How is intestinal cancer diagnosed?

If you mean. Colon cancer, colonoscopy, ct scans are part of the diagnostic workup if colon cancer is suspected. Intestinal cancer, if you are talking of small bowel cancer would be with small bowel xrays or pill endoscopy.
Endoscopy & biopsy. The intestinal tract includes the esophagus, stomach, small intestine, appendix, colon, and rectum. Cancer in each part is diagnosed quite differently, so please try to specify a bit more if you are still curious. Basically, all can be diagnosed by inserting a flexible camera (endoscope) and taking tissue samples (biopsies). Under the microscope, cancer can be diagnosed.

Related Questions

What is intestinal cancer?

SB, colon, rectum. Gastrointestinal (GI) cancer can include anything from the mouth to the anus, but "intestinal" can be characterized as including the small bowel (sb), colon (large bowel), and rectum. Read more...
Varies. Gastrointestinal cancer is most often a type called adenocarcinoma. It can affect the stomach sometimes, small intestine rarely, and colon (large intestine) most often. It is usually treated with combination therapy with surgery, medical oncology such as chemotherapy, and sometimes radiation therapy. It does run in some families. Read more...

Who gets intestinal cancer?

Anyone. Large intestine cancer, more commonly called colon cancer, is the 3rd most common cancer killer in both men and women. The vast majority of cases occur after age 50, but it can occassionally occur in younger adults. A family history of colon cancer increases your risk, but the majority of cases occur in people with no family history. Small intestine (or small bowel) cancer is rare. Read more...

What’s new in intestinal cancer research?

Too broad. I think everyone is skipping this question because it is just too broad. There are many research trials and programs going on across the country for intestinal cancers, but there are so many different types of this cancer. If you can narrow this down...Someone may be abe to help you. Read more...

What are the tests for intestinal cancer?

Mutliple. Tough question, since there is small and large intestinal cancer. Commonly, we do endoscopies to look at the lining of the intestines. A colonoscopy is done to look at the large intestine and the lower small intestine. An egd (esophagogastroduodenoscopy) is done to evaluate the esophagus, stomach and upper small intestine. A ct scan can also be performed, as well as some blood tests. Read more...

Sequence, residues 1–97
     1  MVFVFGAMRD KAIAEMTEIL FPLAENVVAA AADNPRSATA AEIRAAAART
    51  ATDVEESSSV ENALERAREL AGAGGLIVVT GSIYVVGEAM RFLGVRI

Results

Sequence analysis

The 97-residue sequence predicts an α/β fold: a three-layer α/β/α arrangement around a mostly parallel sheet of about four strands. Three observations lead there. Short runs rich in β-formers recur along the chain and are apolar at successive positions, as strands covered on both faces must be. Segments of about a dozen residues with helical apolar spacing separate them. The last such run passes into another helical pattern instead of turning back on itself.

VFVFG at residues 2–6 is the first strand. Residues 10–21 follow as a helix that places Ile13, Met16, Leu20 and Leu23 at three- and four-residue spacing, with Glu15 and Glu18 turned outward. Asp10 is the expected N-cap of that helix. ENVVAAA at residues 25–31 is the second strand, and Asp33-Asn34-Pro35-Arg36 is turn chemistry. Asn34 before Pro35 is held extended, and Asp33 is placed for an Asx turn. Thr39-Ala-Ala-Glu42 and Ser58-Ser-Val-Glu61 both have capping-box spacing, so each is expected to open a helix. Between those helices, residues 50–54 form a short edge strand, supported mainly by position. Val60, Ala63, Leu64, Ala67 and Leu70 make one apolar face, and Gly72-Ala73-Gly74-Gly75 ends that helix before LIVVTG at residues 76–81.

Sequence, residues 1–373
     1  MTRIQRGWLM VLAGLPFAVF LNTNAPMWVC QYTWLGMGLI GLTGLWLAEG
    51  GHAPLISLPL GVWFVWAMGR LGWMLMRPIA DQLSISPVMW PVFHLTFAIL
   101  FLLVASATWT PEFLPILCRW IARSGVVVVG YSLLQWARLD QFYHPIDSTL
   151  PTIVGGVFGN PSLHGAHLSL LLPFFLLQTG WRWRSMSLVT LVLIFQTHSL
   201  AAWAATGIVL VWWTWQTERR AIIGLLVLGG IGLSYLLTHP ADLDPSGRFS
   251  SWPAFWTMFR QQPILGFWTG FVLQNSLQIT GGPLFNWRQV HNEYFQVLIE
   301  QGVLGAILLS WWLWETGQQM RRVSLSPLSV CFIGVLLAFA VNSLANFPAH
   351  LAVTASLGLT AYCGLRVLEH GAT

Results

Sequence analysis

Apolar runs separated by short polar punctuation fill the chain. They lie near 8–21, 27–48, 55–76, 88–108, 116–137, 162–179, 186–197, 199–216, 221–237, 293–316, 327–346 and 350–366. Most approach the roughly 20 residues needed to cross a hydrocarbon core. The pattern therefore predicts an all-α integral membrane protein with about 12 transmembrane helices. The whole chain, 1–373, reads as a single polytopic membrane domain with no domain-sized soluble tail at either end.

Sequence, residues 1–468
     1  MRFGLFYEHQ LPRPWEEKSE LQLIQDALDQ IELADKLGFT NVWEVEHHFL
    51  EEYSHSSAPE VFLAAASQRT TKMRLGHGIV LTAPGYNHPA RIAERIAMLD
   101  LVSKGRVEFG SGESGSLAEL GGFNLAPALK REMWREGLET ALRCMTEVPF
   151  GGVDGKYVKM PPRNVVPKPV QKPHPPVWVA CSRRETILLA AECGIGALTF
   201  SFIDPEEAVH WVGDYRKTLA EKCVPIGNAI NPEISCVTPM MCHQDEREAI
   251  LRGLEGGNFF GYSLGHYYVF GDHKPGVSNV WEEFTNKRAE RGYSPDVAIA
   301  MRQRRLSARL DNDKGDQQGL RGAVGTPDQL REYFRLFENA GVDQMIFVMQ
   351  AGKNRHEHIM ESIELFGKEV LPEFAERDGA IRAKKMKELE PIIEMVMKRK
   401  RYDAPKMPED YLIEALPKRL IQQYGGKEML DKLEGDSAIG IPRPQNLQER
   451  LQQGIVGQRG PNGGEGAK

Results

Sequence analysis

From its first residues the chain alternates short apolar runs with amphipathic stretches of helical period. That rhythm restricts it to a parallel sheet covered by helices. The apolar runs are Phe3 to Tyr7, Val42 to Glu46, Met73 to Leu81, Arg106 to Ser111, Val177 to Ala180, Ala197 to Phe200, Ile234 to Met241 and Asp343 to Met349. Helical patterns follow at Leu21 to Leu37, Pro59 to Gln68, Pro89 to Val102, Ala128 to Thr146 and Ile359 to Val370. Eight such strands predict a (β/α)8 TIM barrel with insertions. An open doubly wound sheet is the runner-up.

What are the symptoms of intestinal cancer?

Depends. The intestinal tract includes the esophagus, stomach, small intestine, appendix, colon, and rectum. Cancer in each part is manifests quite differently, so please try to specify a bit more if you are still curious. Generally, the symptoms include, pain, nausea, vomiting, weight loss, and changes in bowel habits. Read more...
Colon cancer. Change in bowel habits , rectal bleeding, abdominal discomfort or bloating. These are nonspecific symptoms and can be the same symptoms of other disorders. Should you experience this symptomatology , you should see a colon and rectal specialist or gastroenterologist. Read more...

What are the chances of surviving an intestinal cancer?

Depends on stage. And type of cancer. Colon is the commonest site of intestinal cancers and early colon cancer has an excellent survival rate. The rates decline with advancing stage. Five year survival rates by stage are: 1 ~ 93%, ; 2 ~ 80%, 3~60%, 4 ~ 5%. Read more...

What are the consequences of intestinal cancer in a child?

See below. A variety of consequences which include intestinal obstruction (nausea, vomiting), nutritional deficiencies, pain, bleeding, perforation (rupture of the intestine). Cancers of the intestine are serious and need to be evaluated by specialists. Read more...

What is the definition or description of: Intestinal cancer?

Lesion in mucosa. Lesions of bowel,especially colon, now believed to arise in a field effect in the mucosa of the bowel, small and large. A virus such as polyoma enters the mucosa and begins tansformation first with gene alterations leading to immortality and then to normal appearing cells beginning to produce immunogenic protein. One focus transforms faster to result in a clinical lesion while others are dormant. Read more...